NANGLE: Absolutely. And when you write the commissioner, Mr. Sheeran, and say that you’ve been cancelled, if you talk about being cancelled by the insurance company you find no enemies, because you think that everybody’s been cancelled. Really it’s a very few, very low percentage of people. And these are the people that go into the assigned risk place, the one that we mentioned before. They are voluntarily written in the assigned risk plan. Every company that’s writing business in the sate takes a share of the losses on that risk. Now, these risks are not, you know, we can call them good risks or clean risks or whatever attitude you want to get. The fact of the matter is the assigned risk plan’s experience is terrible, absolutely terrible. I think they filed for a 78 percent rate increase, and we don’t’ like to do that. That’s a shocking rate increase, but that’s what the actuarial figures show. So “arbitrary” is not a good word.

KLEIN: Fourteen percent of Americans who were surveyed by the Department of Transportation in, I think it was 1970, reported having had their insurance cancelled or having been refused renewal.

NANGLE: Fourteen percent.

KLEIN: And in addition to that 14 percent there are all their friends who hear about it. This thing hits a large number of Americans.

NANGLE: That’s correct.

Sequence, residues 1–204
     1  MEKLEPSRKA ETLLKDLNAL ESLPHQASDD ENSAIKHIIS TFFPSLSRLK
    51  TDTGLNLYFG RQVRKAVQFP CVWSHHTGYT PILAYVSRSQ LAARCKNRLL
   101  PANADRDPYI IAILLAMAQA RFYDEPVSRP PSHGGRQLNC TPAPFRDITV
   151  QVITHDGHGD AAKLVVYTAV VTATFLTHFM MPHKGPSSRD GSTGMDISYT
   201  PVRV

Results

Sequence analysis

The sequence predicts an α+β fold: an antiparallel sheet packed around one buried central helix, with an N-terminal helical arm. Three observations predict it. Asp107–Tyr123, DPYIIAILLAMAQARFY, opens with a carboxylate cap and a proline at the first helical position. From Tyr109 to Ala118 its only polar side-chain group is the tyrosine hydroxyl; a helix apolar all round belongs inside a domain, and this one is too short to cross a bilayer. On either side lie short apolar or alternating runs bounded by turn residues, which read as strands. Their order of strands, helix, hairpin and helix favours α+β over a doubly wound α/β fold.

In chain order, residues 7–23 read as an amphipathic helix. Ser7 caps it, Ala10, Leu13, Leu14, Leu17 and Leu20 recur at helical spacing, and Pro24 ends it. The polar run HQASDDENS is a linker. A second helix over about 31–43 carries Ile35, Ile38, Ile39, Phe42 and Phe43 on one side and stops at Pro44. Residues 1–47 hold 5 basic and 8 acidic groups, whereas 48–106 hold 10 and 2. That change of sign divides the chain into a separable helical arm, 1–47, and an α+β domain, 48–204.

HEFFNER: And you’re not suggesting that the larger the number the merrier the feelings…

NANGLE: The merrier? (Laughter) Merrier the company? (Laughter)

HEFFNER: Yeah. Company. This…

KLEIN: Our figures show about two to three percent of the people have problems. Not that they’re cancelled, but problems with their insurance. Nobody’s happy with paying anything for a piece of paper, and that’s all we hand you every year. If we cut your premium in half and we asked you the question, “Are you happy about your insurance premium?” you would say, “No, this piece of paper shouldn’t be worth even this”. But…

HEFFNER: Mr. Nangle, I’ll take that.

GROUP: (Laughter)

HEFFNER: You cut my insurance premium in half and I’ll smile with delight, and I think that’s the happy note…

NANGLE: As Washington counsel, all I can do is represent you in that idea.

HEFFNER: Okay. But that’s the happy note on which we have to end this program on a very, very serious question. And I do want to thank you for joining me today, first, Commissioner Sheeran, Commissioner of Insurance in the State of New Jersey, Mr. John Nangle, Washington Counsel for the National Association of Independent Insurers, Robert Klein, Senior Editor of Money magazine.

And thanks, too, to you in the audience. I hope that you’ll join us again on THE OPEN MIND. Meanwhile, as an old friend used to say, “Good night, and good luck”.